THE Nilometer is a graduated upright pillar, placed in a well within a walled inclosure, built on the island, into which the waters of the Nile are admitted by concealed channels. The amount of tax levied upon the land is guided by the fertility which is expected to be consequent upon the maximum of the rise which the pillar indicates; but it is said that the height of the Nile is as often suited by the government to the state of the exchequer, as the tax is guided by the rise of the Nile.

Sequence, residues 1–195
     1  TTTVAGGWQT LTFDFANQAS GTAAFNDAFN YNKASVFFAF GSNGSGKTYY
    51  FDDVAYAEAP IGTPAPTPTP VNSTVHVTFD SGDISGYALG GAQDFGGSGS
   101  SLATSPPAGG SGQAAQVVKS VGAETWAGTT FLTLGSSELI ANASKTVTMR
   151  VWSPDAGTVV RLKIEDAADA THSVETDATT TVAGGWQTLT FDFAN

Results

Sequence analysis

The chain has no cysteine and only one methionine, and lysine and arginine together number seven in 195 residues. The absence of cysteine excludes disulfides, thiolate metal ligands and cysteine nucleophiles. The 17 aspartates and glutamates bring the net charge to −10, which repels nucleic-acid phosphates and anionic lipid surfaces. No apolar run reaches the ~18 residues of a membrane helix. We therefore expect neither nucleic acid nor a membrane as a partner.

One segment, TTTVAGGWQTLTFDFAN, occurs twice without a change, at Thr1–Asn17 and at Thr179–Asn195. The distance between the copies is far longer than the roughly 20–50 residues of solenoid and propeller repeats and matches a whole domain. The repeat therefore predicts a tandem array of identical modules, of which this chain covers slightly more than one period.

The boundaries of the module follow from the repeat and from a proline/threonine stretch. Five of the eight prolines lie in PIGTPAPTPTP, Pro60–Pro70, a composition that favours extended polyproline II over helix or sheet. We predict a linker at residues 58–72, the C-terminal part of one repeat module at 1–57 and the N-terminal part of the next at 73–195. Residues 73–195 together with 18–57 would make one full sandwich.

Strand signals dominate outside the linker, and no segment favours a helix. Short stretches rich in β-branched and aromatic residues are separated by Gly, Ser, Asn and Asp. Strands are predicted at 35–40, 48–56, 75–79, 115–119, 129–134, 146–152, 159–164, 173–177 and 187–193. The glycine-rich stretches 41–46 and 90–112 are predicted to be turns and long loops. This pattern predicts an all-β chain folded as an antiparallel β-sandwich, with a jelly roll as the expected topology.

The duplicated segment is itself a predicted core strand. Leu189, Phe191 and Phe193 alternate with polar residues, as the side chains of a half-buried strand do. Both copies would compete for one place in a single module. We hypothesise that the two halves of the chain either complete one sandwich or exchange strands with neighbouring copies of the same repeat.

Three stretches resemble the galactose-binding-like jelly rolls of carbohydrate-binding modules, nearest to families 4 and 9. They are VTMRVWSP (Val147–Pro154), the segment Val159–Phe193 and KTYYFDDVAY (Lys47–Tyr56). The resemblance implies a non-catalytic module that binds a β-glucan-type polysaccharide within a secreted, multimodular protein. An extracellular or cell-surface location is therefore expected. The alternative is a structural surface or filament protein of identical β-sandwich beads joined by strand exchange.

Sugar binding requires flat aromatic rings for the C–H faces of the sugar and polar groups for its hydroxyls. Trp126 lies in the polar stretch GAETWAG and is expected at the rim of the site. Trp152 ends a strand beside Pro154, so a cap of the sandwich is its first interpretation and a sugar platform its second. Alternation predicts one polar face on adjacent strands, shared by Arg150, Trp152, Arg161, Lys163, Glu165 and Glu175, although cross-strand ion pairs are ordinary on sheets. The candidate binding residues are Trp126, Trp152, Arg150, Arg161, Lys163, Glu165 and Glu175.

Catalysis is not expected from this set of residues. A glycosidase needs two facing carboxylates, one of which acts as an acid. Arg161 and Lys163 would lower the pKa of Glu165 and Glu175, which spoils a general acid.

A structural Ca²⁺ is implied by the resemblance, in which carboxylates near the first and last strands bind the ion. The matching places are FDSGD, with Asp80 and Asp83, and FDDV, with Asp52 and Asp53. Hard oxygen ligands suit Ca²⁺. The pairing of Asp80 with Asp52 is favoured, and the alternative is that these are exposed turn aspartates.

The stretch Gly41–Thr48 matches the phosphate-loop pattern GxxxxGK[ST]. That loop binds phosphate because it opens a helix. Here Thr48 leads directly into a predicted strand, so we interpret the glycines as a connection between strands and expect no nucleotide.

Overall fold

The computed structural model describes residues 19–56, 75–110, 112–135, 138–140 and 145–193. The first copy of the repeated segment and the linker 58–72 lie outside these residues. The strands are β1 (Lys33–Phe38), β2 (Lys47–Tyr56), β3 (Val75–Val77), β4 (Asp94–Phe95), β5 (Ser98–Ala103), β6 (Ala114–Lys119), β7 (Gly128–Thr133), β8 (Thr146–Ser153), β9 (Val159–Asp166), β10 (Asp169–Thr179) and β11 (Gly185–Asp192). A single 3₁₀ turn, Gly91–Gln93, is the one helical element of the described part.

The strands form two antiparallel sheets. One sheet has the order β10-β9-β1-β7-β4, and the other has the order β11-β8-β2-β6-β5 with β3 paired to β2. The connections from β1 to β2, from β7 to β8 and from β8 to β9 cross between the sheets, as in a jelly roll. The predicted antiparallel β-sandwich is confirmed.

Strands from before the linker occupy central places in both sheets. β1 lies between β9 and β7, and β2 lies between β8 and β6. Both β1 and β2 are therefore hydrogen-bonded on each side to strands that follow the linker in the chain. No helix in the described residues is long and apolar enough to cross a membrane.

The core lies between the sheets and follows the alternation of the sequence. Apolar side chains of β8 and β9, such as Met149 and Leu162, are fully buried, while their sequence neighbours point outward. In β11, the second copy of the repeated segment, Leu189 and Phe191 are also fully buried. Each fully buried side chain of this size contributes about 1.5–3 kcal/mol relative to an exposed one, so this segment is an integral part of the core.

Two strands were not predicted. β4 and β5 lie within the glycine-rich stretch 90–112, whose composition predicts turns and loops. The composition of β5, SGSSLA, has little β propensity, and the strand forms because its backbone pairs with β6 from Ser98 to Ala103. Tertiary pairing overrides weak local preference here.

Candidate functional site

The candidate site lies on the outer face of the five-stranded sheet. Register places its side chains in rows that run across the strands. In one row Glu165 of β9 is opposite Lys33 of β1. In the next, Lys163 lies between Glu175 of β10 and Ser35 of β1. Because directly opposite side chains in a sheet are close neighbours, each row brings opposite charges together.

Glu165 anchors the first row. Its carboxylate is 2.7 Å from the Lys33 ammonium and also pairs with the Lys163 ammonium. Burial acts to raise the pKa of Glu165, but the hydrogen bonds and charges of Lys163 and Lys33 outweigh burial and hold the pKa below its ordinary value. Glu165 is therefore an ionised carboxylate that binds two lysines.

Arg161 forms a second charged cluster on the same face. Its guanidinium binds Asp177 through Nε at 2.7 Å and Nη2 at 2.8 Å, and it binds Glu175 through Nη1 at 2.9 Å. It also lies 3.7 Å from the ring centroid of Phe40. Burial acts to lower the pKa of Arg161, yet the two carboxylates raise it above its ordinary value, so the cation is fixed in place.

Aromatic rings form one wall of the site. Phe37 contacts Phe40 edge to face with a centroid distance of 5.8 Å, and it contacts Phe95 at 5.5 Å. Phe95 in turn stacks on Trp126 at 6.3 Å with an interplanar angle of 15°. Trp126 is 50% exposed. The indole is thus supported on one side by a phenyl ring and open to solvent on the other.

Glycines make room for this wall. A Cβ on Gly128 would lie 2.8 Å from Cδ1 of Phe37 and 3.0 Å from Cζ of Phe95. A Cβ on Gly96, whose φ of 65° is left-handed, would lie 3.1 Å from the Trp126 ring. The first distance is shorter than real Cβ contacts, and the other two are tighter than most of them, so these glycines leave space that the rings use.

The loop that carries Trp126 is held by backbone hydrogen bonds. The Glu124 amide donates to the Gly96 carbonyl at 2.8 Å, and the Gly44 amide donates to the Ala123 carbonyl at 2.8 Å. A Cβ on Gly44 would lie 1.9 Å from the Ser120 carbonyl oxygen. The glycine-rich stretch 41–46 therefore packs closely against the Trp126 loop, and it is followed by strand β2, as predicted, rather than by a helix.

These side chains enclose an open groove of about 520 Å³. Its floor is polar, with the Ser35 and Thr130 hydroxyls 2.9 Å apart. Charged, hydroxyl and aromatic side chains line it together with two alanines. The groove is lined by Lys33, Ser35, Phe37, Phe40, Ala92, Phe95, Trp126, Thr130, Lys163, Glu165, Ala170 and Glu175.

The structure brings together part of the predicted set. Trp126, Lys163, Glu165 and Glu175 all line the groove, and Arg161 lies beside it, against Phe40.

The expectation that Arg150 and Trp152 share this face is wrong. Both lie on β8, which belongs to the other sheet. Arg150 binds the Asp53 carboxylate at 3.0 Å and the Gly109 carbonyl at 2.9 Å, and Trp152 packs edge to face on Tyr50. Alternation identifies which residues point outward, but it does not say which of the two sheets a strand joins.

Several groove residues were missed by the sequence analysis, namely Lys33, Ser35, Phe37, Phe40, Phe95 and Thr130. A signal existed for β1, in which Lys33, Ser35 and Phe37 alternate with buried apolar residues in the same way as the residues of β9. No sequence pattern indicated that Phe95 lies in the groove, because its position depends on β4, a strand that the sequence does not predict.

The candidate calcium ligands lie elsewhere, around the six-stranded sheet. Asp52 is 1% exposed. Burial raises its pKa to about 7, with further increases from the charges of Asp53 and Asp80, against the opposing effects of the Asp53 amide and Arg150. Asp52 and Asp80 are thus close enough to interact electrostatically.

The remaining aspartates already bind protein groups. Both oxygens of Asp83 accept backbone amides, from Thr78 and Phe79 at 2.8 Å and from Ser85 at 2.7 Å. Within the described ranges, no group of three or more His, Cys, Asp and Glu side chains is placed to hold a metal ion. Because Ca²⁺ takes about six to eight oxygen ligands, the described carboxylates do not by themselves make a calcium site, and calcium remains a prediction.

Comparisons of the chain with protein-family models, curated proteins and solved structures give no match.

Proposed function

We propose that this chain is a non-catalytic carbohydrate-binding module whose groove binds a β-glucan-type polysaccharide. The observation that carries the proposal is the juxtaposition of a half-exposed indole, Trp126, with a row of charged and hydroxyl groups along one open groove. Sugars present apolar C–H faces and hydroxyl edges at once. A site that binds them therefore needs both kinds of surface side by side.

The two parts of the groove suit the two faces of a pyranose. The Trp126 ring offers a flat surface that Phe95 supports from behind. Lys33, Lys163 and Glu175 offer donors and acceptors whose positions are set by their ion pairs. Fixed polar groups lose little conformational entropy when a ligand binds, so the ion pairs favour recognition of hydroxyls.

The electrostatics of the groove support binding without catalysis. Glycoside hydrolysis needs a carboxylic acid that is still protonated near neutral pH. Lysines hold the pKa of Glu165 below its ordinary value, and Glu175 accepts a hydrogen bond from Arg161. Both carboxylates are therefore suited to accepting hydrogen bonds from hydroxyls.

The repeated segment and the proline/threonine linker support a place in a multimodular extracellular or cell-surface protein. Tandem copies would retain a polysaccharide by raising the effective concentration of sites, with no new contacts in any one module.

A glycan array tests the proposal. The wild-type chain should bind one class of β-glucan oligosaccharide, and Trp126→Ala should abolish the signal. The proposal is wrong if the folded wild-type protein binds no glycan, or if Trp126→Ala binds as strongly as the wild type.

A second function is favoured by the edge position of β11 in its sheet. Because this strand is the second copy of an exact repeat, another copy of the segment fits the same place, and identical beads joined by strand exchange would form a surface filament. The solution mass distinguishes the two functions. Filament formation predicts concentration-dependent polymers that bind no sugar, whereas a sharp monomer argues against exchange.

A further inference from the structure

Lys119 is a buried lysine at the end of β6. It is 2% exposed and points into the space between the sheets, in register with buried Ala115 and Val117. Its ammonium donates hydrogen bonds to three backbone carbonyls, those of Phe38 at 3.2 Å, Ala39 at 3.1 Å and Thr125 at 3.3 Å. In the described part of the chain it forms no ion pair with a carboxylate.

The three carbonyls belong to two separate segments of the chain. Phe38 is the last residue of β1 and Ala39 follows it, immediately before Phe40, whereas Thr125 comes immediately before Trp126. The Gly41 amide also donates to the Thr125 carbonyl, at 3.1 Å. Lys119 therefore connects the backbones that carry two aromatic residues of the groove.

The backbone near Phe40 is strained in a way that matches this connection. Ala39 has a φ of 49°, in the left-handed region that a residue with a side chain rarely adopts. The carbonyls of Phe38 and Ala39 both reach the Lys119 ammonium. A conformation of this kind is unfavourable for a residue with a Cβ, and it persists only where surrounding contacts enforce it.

That the building is of comparatively modern date, is shown by the arabesque ornaments on the gate by which the water passes, and by the Kufic inscriptions on the walls, to be not more than nine hundred years old; but it is highly probable that its site was appropriated to the same purpose at a remoter period. The large building which now incloses the whole is used as a powder-magazine, and all access is denied to strangers. Mr. Roberts got access to it by climbing over the wall, and made a hurried sketch, but at the risk of being drowned in the well of the Nilometer, or shot by the sentinel.  

Roberts's Journal